Laureus remembers the great Johan Cruyff


Laureus football legends Bobby Charlton, Marcel Desailly and Ruud Gullit have paid heartfelt tributes to Johan Cruyff, who died a year ago today. 
Cruyff was the genius behind Total Football. A colossus of the game, he dominated European and world football in the 1970s and was seen by many as the natural successor to Pele. 
Laureus Academy Member Bobby Charlton said: “I was proud to have known Johan. He was one of those great, great footballers that made you excited whenever he got the ball and began to play. There was always expectation in the crowd when Johan was on the pitch.  There wasn’t a negative thought in his head. He loved the game, he loved sport and he loved life. 
“He was one of the greatest footballers I have ever seen, you would put him in the same class as Pele, Di Stefano and Maradona.  The kind of football he played changed the game and still has an impact today.”
And France World Cup winner and Laureus Academy Member Marcel Desailly added: “The word ‘great’ is often overused, but not when you talk about Johan Cruyff.  When I and my friends were young footballers growing up and looking at how we wanted to play the game, you would always look at him and say – he’s the best.
“The Total Football that he played with Ajax, Barcelona and Holland was revolutionary and excited a generation of players and fans. As a coach with Barcelona, he laid the foundations for the greatness of that club today.”
Laureus Academy Member Ruud Gullit, one of Holland’s greatest footballers, said: “I want to thank Johan for being an inspiration and putting Holland on the map.  He made me the football player that I became. Thank you, Johan, for everything that you did for Holland and for me. As a player he was 20 years ahead in the things he did.  I want to thank him for making me a Total Football player.”
In an era of cautious tactics, Cruyff’s Holland broke the mould. Later, as coach at FC Barcelona in the late 1980s and early ‘90s, his vision and energy laid the foundations that were to make the club pre-eminent in world football. In 2006 he was presented with the Laureus Lifetime Achievement Award and last year, shortly after his passing, he was presented with the Laureus Spirit of Sport Award.
“It was typical of the man that when he retired from football he decided to create the Johan Cruyff Foundation to help underprivileged children. We pass our sympathy on to his family and to all the millions of football fans around the world who will feel a sense of loss. We are at least left with so many great memories of what he achieved.”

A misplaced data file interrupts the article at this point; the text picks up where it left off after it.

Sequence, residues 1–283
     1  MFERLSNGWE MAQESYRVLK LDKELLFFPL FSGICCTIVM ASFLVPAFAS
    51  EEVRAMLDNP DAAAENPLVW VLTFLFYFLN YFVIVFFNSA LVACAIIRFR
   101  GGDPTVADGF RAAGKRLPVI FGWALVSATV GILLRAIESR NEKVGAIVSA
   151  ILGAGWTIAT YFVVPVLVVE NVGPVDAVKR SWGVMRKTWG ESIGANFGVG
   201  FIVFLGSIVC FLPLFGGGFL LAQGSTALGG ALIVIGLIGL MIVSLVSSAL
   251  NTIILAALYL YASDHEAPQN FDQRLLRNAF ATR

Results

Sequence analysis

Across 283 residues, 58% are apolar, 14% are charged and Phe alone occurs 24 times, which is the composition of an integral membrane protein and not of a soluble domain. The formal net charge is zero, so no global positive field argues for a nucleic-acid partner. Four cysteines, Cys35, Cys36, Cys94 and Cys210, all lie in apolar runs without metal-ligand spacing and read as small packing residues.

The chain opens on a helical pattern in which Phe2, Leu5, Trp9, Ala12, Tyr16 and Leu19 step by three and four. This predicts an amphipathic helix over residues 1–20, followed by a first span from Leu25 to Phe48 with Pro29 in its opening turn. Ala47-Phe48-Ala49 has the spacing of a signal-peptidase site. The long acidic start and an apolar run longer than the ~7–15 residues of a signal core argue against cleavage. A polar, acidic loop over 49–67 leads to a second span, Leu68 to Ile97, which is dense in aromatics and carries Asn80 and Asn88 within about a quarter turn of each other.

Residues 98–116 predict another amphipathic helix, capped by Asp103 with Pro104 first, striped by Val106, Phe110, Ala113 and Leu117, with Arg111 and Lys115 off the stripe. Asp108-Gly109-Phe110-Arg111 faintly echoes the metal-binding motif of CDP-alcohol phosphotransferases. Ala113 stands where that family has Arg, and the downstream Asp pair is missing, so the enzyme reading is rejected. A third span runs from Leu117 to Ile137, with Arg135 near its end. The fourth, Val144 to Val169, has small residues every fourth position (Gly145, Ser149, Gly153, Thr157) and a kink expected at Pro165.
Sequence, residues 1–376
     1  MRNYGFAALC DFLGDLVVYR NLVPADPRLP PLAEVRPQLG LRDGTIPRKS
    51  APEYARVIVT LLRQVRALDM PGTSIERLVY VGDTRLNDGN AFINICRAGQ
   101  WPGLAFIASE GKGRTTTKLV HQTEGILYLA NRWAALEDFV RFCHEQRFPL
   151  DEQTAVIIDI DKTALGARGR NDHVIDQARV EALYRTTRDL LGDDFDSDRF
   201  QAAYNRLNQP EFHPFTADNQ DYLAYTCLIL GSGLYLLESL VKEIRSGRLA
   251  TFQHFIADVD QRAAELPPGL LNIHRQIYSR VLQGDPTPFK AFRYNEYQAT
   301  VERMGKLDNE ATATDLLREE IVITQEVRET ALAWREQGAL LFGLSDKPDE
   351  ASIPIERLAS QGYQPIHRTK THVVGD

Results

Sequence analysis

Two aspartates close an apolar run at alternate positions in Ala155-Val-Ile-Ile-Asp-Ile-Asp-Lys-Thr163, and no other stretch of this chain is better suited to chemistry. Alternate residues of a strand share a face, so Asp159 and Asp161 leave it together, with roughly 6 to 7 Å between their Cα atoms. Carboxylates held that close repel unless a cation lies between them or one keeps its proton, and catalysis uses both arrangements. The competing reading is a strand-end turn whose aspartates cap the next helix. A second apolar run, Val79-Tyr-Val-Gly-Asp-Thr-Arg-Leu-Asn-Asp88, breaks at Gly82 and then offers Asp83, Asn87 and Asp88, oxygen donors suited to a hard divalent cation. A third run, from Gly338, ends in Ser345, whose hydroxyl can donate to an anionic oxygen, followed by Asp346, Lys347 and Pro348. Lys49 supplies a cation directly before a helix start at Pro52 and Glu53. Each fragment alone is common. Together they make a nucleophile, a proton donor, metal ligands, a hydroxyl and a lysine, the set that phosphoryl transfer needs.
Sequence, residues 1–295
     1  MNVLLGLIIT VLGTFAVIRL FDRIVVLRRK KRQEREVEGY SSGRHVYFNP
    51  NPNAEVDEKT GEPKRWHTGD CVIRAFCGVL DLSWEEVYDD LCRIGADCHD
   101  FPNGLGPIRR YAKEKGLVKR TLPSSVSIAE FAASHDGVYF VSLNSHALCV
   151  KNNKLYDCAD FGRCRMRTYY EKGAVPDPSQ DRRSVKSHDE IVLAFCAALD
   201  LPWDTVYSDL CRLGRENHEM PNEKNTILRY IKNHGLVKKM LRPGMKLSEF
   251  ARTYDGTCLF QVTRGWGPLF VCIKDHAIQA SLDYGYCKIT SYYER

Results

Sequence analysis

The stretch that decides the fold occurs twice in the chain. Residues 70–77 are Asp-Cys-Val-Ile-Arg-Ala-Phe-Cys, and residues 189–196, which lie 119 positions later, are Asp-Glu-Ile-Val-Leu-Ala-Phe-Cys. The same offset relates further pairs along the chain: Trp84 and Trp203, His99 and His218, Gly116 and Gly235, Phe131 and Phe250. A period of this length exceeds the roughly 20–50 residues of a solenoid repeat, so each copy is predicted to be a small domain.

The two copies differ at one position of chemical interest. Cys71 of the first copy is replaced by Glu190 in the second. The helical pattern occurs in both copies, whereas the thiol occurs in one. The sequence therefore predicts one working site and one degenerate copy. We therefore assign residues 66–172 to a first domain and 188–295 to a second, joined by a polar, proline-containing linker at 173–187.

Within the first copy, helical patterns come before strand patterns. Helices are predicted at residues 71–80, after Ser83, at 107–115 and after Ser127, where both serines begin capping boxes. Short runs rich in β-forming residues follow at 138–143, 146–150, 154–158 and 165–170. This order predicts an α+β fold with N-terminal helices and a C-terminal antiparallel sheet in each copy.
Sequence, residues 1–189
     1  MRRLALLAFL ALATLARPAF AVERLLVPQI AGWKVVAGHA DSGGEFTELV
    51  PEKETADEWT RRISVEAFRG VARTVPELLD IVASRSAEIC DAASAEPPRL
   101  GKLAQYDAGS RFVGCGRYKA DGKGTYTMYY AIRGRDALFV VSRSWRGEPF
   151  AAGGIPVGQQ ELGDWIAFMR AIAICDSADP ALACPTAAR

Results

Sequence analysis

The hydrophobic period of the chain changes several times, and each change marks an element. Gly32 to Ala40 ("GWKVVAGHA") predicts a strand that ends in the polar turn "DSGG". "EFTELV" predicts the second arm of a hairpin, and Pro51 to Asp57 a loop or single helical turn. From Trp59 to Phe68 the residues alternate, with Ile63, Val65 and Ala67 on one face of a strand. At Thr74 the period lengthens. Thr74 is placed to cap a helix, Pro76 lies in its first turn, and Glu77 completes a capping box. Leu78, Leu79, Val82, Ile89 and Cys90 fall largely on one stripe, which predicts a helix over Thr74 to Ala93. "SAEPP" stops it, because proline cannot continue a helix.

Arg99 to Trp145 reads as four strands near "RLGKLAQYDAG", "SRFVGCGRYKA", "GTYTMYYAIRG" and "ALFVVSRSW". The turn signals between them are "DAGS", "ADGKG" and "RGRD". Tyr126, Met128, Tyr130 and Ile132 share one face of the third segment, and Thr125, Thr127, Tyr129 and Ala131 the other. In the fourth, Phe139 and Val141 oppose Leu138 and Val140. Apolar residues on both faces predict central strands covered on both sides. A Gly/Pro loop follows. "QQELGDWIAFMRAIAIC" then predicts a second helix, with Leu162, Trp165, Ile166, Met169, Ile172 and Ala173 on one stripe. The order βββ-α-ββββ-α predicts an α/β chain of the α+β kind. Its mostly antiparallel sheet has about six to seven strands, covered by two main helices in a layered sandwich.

In total in his career, Cruyff played in three winning European Cup teams with Ajax and was three times European Footballer of the Year.  At its peak, the Holland side, of which he was captain, was the most exciting and talented team in international football, with its Total Football winning admirers around the world. In 1973 Cruyff left Ajax and took Total Football to FC Barcelona. When he arrived, Barcelona were struggling, but the effect of his influence was extraordinary and they finished as Spanish Champions.  
When his playing career was over, he became coach of Ajax and continued to develop his Total Football philosophy, eventually returning to Barcelona in 1988 where he brought them the greatest club prize of all, the European Cup. However Cruyff brought much more to Barcelona than trophies. 
Thanks to his vision, he laid down many of the guiding principles that revolutionized Barcelona and created a structure and a style of play that permeated the club, from the youth teams at La Masia, the Barcelona nursery, through the A-team and into the senior sides. This allowed players to move from one team to another and to provide a constant flow of outstanding junior players who continually revitalize the first team. 
By 1994 Barcelona had won four successive Spanish Championships under Cruyff, but the strain was beginning to tell. He had undergone surgery after suffering a heart attack and in 1996 he left Barcelona. But his legacy lives on, and was further built upon by managers such as Frank Rijkaard, Pep Guardiola and Luis Enrique. In 1999, Cruyff was named European Footballer of the Century.
In recent years, Cruyff has spent considerable time helping to develop sports-based projects for underprivileged children around the world.  Cruyff sees many similarities between sport and society as a whole.  In 1997 he founded the Johan Cruyff Foundation.  Projects funded by the Foundation must have as a primary objective the enhancement of the mental and physical well-being of children by means of sports, physical exercise, games and recreational activities.  Preference is given to projects for underprivileged and handicapped children.

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